How diet can improve your skin!
Your skin is the largest organ in the body with the cells being renewed every few weeks. It is the only organ that we can actually see and reflects our internal health. Acne is a symptom of an internal imbalance and as with any health issue we need to get to the root cause of that imbalance and heal from within, rather than just masking the symptoms by slathering on creams and ointments.
Hormonal effects of acne
Cyclical breakouts tend to be hormone related. Certainly one of the main triggers for teenage acne is the onset of puberty. What happens is that the androgens that will peak at this time actually increase the amount of sebum, an oil produced by the sebaceous glands on the surface of the skin, which then blocks the pores in your skin. Hormones, including insulin, all influence the cause of acne by impacting sebum production.
Now insulin isn’t a baddie – we need insulin to get glucose into our cells for energy. The problems start when there is too much glucose in our system which has the knock-on effect of too much insulin. Long term this can lead to type 2 diabetes which is why we need to eat low Glycaemic Index foods (see below).
Women suffering from polycystic ovary syndrome (PCOS) sometimes suffer from acne and spots on the cheeks, jawline, neck and back: areas that tend to indicate that our hormones are out of whack.
Oestrogen affects skin health by reducing the fatty content and amount of sebum. Oestrogens also affect skin thickness and moisture, so at the onset of the menopause the skin loses approximately 13% thickness per year post-menopause. Meaning the skin becomes thinner, frailer, dryer and more prone to wrinkles.
Progesterone can also cause problems in the second half of the menstrual cycle by interfering with oestrogen which increases the amount of sebum.
Diet can affect the health of your skin so let’s dig in….
The food that you are putting into your body has a direct impact on, not only your overall health, but also that of your skin. A breakout of acne on the forehead tends to indicate that there is an issue with the diet and gut.
Firstly you need to eat a glycaemic controlled diet: abnormal glucose control is absolutely associated with skin health and appearance. Reducing glycaemic load reduces the clinical symptoms of acne and the rate of sebum production. Diets low in processed foods and sugars are associated with low acne risk – no surprises there!
Therefore, reducing the amount of sugar in the diet is paramount. Chromium and niacin help balance glucose metabolism, improve glycaemic control and reduce insulin resistance. Organic broccoli is an excellent source of chromium. Niacin is found in poultry, organ meats, green leafy vegetables, salmon, tuna and mushrooms. Plus eat foods that contain zinc such as seafood, organ meats, seeds and nuts and green tea as zinc has an anti-inflammatory effect, improving healing.
Small tweaks to your diet can make the world of difference. One of the best things you can do for your skin is eat whole, nutrient dense foods which nourish your body and hormones. These foods include organ meats, organic fish and pasture fed meat, green leafy, sulphurous vegetables (broccoli, spinach, cauliflower, sprouts, and cabbage), nuts and seeds.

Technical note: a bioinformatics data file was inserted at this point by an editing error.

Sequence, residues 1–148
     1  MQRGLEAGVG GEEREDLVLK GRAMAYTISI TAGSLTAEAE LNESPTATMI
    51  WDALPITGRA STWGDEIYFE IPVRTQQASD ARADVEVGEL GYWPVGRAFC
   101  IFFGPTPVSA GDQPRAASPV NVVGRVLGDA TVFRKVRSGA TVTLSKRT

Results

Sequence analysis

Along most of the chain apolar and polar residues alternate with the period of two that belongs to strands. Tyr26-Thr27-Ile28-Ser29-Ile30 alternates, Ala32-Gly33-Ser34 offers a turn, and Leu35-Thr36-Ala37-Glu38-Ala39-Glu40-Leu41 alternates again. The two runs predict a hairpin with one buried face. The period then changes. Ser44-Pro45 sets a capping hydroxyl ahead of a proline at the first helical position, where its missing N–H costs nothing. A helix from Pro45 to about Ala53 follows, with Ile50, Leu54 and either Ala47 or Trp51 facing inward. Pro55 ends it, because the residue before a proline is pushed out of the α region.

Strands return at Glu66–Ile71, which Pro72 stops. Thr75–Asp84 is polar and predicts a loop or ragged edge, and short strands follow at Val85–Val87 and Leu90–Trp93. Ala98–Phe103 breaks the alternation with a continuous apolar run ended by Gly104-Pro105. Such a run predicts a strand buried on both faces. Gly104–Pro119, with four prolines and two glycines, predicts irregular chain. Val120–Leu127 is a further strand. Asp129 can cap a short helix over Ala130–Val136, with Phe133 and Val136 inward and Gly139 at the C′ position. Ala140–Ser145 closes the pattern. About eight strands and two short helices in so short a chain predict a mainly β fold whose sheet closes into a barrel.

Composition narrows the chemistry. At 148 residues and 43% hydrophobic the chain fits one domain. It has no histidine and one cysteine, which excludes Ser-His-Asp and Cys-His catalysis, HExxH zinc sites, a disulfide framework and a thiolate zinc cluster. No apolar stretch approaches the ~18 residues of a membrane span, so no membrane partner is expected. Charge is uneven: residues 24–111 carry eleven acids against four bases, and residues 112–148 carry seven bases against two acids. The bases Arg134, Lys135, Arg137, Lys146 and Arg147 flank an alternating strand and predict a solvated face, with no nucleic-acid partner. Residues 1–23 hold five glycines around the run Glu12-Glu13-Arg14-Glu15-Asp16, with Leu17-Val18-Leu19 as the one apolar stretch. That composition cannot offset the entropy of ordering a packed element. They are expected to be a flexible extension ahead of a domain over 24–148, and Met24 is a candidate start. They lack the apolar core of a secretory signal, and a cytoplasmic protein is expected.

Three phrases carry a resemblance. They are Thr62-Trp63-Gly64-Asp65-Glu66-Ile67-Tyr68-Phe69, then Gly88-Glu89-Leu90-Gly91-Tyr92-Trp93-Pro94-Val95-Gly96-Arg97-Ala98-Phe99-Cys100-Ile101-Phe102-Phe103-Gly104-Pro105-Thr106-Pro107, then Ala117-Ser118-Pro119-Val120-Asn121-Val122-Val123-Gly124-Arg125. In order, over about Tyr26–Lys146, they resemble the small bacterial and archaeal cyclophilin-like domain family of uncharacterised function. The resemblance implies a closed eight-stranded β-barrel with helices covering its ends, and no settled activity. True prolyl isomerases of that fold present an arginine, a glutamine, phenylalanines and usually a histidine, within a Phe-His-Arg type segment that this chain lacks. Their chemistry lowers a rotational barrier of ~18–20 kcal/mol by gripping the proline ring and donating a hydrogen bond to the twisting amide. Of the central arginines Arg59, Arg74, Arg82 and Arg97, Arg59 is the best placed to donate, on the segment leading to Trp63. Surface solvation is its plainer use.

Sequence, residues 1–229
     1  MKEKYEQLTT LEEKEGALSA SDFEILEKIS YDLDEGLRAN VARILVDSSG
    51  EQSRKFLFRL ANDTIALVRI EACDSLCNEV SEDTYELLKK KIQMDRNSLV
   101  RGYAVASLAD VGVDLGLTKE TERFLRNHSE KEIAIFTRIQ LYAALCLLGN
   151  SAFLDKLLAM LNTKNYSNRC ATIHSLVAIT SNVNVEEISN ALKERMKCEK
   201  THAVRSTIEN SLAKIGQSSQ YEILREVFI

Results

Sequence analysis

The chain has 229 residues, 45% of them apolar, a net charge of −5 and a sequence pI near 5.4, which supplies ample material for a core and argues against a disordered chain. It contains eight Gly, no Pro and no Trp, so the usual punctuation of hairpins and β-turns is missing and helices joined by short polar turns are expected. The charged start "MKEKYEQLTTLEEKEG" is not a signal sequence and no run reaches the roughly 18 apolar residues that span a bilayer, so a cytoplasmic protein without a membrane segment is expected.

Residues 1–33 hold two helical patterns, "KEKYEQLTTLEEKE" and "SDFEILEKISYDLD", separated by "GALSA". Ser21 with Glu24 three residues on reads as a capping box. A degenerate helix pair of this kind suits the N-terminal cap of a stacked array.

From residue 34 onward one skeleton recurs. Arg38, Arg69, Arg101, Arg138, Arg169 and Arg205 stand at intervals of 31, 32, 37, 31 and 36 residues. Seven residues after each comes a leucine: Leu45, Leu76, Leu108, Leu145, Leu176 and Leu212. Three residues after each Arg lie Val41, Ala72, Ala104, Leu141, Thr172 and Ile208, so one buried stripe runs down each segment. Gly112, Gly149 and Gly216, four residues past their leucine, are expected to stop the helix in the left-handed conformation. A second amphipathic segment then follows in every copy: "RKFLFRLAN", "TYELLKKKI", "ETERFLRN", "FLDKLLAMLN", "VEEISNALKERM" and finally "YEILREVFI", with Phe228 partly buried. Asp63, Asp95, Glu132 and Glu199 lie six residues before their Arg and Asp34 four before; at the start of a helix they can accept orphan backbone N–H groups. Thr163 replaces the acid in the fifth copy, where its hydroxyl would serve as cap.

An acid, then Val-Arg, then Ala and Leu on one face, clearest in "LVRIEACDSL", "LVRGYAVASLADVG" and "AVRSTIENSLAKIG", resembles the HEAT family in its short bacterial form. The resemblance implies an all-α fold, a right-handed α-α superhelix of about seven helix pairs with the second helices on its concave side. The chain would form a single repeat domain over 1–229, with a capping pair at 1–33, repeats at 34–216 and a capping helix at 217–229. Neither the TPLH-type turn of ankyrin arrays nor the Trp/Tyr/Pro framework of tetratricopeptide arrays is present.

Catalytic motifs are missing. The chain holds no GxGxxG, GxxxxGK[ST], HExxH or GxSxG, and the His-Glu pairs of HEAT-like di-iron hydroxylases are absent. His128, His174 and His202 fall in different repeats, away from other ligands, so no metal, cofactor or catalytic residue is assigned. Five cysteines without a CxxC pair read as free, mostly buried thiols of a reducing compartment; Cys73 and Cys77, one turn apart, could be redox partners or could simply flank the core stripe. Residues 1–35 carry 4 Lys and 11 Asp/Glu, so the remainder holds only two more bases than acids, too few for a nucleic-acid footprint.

Dairy, especially milk, is one of the biggest food correlations with acne with milk. Milk consumption is also associated with an increase in circulating insulin growth factor-1 (IGF-1) which has an impact on sebum production.
There is a link between acne and gastro-intestinal distress. In particular bloating has been found to be a third more likely to be associated with acne. Acne has also been linked with hypochlorhydria (low stomach acid).
Small intestine bacterial overgrowth (SIBO) is very common, and has been found to be 10 times more prevalent in cases of acne rosacea. What tends to happen is that food is not digested properly and starts to ferment in the gut which damages the intestinal lining causing a problem known as leaky gut. We know that leaky gut can then lead to an immune reaction and systemic inflammation which is reflected in the skin, impairing skin integrity. It is therefore necessary to consider checking for food sensitivities; with a good place to start being gluten. We offer a food intolerance test here at The Hub so please let us know if you wish to find out more about this.
It has been found that gut microbiota can influence sebum. The ability of the gut microbiota and oral probiotics to influence systemic inflammation, oxidative stress and glycaemic control, may have important implications in skin conditions such as acne, rosacea, dermatitis and psoriasis.
Vegetable oils and foods high in trans-fats (such as processed baked goods) should be avoided at all costs. However, foods high in omega-3 reduce inflammatory prostaglandins, (chemical hormones that help regulate cell function. These foods include small, cold water fish such as salmon, halibut, sardines, sprats, mackerel and anchovies. Omega-3 oils are also present in walnuts, avocados and flaxseed oil.
Vitamins A, B5 and D modulate sebum production. These are found in carrots, sweet potato, apricots; plus avocado, sunflower seeds, organ meats, mushrooms, salmon, eggs, lentils, yoghurt and broccoli. Getting out in the sunshine will also help (when we eventually get some!).
Probiotics can also be used therapeutically with skin conditions. A study showed that a lactobacillus fermented dairy beverage improved clinical aspects of acne over 12 weeks. There are also multiple studies looking at acne and the use of dairy free acidophilus giving good positive results. It is, therefore, advisable to take a good probiotic on a daily basis.
Finally on the subject of diet, good hydration is an absolute must. Drinking water flushes toxins from the body and hydrates the skin from within.
Have an amazing April